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Press Release 1/96

Printing inks leave traces in the deinking sludge

New printing inks could possibly prevent problems concerning the utilisation of deinking sludge. INGEDE plans to support a pilot project with new chlorine-free yellow ink

The key process in paper recycling is deinking: the printing ink is washed out of the wastepaper. This process leaves the so-called deinking sludge to dispose of. Over 50 per cent of this are natural minerals, such as kaolin or calcium carbonate. Kaolin is a clay mineral used, in particular, for the manufacture of porcelain and ceramics. Among the most familiar forms of calcium carbonate are marble, chalk or boiler scale (lime) in coffee machines. The paper industry applies kaolin and calcium carbonate as fillers and components of coating pastes filling the inter-fibre spaces and thus enhancing the writing and printing quality of the paper.

In addition to kaolin and lime, the remaining substances also contain waste fibres and insoluble, coloured or black printing ink components, namely pigments. These remaining substances constitute an excellent aggregate in cement and brick production. The fibres contained therein are particularly welcome here, since they burn in the brick kiln and leave pores reducing the brick's weight and enhancing its insulating properties. However, traces of chloric impurities in the deinking remaining substance as well as heavy-metal traces of copper and zinc may cause certain problems with regard to some forms of utilisation. The organic compounds of chlorine ("OX") stem from particular printing inks getting into the paper mill together with the wastepaper.

On behalf of the International Research Association Deinking Technology (INGEDE e. V.), the Papiertechnische Stiftung (PTS, Foundation of Paper Technology) in Munich examined the content of such impurities. The examination revealed that printing inks release an average of 75 milligrams of OX per kilogram wastepaper into the deinking process, since the desired concentration of printing inks in the deinking process also results in elevated levels of attendant material which, in turn, impair certain ways of utilisation.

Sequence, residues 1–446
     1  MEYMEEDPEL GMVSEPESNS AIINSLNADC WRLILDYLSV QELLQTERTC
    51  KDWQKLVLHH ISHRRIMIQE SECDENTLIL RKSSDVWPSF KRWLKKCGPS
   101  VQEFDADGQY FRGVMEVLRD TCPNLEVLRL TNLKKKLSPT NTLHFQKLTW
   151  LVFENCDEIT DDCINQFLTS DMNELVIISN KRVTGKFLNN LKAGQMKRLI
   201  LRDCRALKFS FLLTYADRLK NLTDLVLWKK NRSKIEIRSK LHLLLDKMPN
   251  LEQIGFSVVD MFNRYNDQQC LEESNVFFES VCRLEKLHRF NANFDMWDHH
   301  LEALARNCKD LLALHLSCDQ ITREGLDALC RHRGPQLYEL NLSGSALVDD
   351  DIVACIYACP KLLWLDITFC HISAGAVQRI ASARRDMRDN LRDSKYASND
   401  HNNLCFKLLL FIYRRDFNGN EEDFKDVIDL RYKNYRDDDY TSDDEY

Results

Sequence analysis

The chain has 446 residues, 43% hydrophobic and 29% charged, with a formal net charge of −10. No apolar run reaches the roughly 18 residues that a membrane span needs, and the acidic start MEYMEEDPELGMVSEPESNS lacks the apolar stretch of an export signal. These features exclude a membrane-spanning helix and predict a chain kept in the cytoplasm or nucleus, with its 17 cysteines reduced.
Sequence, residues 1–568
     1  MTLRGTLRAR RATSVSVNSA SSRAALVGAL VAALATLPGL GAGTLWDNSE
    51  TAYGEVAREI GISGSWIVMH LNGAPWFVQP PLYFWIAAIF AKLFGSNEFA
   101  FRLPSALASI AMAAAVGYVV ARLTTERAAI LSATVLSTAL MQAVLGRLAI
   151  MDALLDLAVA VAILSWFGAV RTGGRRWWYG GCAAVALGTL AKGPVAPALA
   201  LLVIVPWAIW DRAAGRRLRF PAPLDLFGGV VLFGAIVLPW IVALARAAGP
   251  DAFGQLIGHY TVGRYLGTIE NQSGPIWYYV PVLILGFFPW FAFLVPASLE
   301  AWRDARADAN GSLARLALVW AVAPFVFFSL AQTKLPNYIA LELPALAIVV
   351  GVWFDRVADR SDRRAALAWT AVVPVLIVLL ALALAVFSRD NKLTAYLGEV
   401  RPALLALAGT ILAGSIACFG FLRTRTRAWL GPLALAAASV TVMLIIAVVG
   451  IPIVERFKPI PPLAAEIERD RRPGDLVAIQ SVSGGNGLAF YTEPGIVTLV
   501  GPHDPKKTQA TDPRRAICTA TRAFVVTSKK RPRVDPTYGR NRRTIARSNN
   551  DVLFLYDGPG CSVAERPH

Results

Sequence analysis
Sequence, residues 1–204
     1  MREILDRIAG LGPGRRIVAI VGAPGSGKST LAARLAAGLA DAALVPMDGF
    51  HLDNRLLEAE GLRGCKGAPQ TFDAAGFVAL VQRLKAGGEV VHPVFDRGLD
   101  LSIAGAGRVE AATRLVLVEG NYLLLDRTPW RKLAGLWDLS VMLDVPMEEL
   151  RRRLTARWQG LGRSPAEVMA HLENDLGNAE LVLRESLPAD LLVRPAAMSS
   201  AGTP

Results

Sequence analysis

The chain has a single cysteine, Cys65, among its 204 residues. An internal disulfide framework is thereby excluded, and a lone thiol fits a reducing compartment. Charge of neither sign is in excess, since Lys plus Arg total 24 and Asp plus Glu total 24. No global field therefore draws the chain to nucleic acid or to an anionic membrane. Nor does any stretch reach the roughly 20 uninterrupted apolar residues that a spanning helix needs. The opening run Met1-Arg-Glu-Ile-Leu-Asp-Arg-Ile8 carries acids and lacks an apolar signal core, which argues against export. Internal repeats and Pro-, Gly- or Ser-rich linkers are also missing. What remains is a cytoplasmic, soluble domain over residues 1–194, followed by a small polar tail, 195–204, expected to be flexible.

Depending on the respective use, a substitution by chlorine-free printing inks turns out to be difficult. For yellow scale colours of all common printing processes, chloric pigments have been used so far all over the world. For many years now, these pigments have replaced plumbiferous yellow pigments commonly used in the past. Various companies have now developed yellow pigments which do not contain any organically-fixed chlorine. These pigments of different manufacturers which are all similar in structure are particularly suited for water-soluble colours, ultraviolet colours as well as solvent-containing package printing. However, these pigments have not been very common so far due to various reasons: Firstly, yellow printing inks containing these pigments do not always meet the required standards as to shade of colour, intensity of colour and light-fastness. Secondly, as in many development projects, a broader use is still too expensive.

INGEDE endeavours to launch a pilot project together with a manufacturer and a major user which is to examine various aspects of utilisation as well as effects on the deinking process and resulting remaining substances. Currently, talks are under way with a major environmental protection organisation interested in chlorine-free manufacture of its printing products. First printing test results are expected in the forthcoming months.

However, a final evaluation of these pigments is not yet available. It might be possible that the apparent advantages to the environment due to the use of chlorine-free substances are compensated or even overcompensated by their more expensive and complicated synthesis.

INGEDE is an association of leading European paper manufacturers aiming at promoting utilisation of wastepaper and improving the conditions for an extended use of wastepaper.

15 March 1996

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Last update: Feb 10, 1998